And if you’re wondering, I have done my part. I have eaten lunch at school, I have watched the kids bypass the salad bar and go for the so called nutritious “snacks” such as packaged chocolate chip cookies and caramel churros. I have spoken with teachers, principals, school board members. I have asked that changes be made for our kids’ benefits. Want to know what happened? A smile and a nod are what happened.
    I wrote Michael Bennett, our Colorado Senator. He replied. Congress is working on legislation now to better our school lunches and overhaul the system. He even requested me to submit some suggestions. So I feel I also did things correctly in my school district and received no offers of help or statements of concern, or even willingness to address my issues with school lunches. So I can understand Mrs. Heap’s predicament and her crusade. Have any one of you naysayers done anything? ANYTHING?
    I promise not to comment any more. I won’t offend those of you who call yourselves concerned and sensitive to the needs of our children and who seem to know all and see all that is going on in our public school systems.
    It’s time to put up or shut and quit projecting your own failures upon Mrs. Heaps! She is one courageous woman, willing to fight for what she believes in. A better life for you children!

  • think about it

    You sound as bad as the next. For someone who thinks they have all the facts.
    think again. The fruit could not be any closer to the kids if it was hand fed to them.

  • Bender

    Vi432,

    I’m not on either side. But only a child refuses to see both sides of an arguement in an attempt to elicit enough information so that a decision can be reached or a conclusion drawn. But for the record, I am neither a teacher nor an administrator, I am a simple tax payer who stumbled on this story and found the topic to be serious and something worth looking into further. I hadn’t thought about what I as a lone person would be willing to do so thank you for pushing me in that direction. After thinking about it, I have voted for all increases in taxes that put more money toward the schools in my community even though I currently have no students in the system. I think I did so in the hopes that when I needed to access the educational system it would still be up and running for my kids. I have not supported increased taxes where I felt there was already adequate money or where money had not been well spent. Education is clearly not an area where we as Americans have placed a tax burden priority. So, in short I think that if I lived in your town I would support paying my share even if that meant more than the current level of taxes. At least a ballplayer isn’t getting the money!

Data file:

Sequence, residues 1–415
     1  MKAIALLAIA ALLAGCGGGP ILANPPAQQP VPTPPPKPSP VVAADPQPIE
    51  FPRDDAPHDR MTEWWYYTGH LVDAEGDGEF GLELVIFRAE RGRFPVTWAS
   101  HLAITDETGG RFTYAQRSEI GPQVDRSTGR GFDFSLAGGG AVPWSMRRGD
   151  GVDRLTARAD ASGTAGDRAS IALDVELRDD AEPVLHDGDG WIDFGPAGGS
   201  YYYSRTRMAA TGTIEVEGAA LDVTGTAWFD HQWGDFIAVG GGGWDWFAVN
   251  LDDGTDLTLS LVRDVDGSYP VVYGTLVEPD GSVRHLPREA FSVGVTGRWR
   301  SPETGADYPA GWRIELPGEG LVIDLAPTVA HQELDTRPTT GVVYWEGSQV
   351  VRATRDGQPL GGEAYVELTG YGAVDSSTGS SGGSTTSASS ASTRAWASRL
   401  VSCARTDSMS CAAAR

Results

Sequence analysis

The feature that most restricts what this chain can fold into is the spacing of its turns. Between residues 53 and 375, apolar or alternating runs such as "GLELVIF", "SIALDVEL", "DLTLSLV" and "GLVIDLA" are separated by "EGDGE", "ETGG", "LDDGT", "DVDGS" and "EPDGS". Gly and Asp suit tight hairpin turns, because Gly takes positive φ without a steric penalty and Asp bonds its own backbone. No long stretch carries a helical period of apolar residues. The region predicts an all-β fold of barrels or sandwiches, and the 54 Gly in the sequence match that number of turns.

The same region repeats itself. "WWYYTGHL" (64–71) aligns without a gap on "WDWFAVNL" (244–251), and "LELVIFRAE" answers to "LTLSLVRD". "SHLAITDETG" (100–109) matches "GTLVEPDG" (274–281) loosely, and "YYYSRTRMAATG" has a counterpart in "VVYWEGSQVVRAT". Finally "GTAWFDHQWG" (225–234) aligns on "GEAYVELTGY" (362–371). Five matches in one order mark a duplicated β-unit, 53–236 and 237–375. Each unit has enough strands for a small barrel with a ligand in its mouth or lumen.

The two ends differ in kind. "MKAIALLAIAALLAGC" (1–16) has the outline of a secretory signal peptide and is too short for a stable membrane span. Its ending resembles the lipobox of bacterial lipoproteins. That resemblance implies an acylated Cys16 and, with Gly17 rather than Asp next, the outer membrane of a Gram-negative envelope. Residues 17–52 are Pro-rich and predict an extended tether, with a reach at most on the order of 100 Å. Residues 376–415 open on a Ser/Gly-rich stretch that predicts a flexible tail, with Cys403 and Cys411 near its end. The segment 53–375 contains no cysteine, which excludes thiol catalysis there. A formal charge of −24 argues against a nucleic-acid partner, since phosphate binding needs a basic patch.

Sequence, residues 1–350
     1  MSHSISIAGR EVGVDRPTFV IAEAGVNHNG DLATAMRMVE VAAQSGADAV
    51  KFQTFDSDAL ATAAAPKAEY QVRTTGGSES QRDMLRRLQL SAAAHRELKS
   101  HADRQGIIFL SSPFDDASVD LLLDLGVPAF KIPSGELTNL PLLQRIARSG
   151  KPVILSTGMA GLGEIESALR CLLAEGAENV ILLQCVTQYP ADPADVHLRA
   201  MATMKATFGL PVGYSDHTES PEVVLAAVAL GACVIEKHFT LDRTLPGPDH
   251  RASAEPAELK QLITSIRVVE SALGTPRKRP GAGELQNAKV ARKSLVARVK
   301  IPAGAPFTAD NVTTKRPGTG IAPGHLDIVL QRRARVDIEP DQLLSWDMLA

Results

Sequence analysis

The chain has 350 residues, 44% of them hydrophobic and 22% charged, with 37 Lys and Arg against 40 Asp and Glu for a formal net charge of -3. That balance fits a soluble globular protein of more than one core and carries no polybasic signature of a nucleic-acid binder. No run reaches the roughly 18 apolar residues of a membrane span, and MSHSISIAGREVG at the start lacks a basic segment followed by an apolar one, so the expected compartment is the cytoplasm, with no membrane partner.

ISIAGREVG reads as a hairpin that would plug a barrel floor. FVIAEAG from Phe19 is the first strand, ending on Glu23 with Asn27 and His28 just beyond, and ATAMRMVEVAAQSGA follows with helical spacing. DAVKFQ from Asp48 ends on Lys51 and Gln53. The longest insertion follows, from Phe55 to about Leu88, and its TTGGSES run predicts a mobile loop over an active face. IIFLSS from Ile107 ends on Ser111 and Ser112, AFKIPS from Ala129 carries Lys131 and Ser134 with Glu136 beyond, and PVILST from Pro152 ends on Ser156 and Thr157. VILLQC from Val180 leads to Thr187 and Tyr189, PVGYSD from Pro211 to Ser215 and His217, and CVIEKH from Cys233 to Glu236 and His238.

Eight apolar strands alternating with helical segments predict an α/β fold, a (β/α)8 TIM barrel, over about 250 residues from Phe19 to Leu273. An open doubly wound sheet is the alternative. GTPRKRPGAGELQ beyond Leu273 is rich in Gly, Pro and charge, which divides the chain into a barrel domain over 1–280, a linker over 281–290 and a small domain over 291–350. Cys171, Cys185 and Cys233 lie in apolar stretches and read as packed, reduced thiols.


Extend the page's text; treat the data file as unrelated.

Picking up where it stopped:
I am glad you bring up the point of Congress tackling this issue and making changes. The main points I have kept trying to make are that with this type of change low level people are not the ones empowered to make change. That power lies further up. To blame a principal for the menues in schools within a district or even one building seems short sighted. Do we know that this person has never requested better or even different food? If he did or has what was the response he got? That is not in the article written on behalf of Mrs. Heaps. That article is extremely biased and doesn’t even make an attempt to show both sides. It slams one side and completely leaves out the other. Why? Were people told not to respond? Did people fear any response would fan the flames? I don’t know, but the article leave us to guess.

    Question- I guess you won’t answer, but I’ll ask anyway. If you don’t know the kitchen ladies how do you know what shelf the fruit is sold from and how tall you have to be to see the fruit? Have you seen the shelf or are you again relying on what you have read or been told by the people supporting Mrs. Heaps?

    Finally, I am sticking to my guns on one statement- If she is courageous why will she not defend herself? Why will she not try to persuade the naysayers? And if she did not want any of this to come out, why in the world would she have chosen a forum where no fact checking is done or required? Why not take it to media that do checks on facts so that everything reported has been varified? She opened the door to these questions and attacks and now must feel that since she wasn’t completely supported she won’t respond. Courageous? Maybe just short of that…

  • Ed Bruske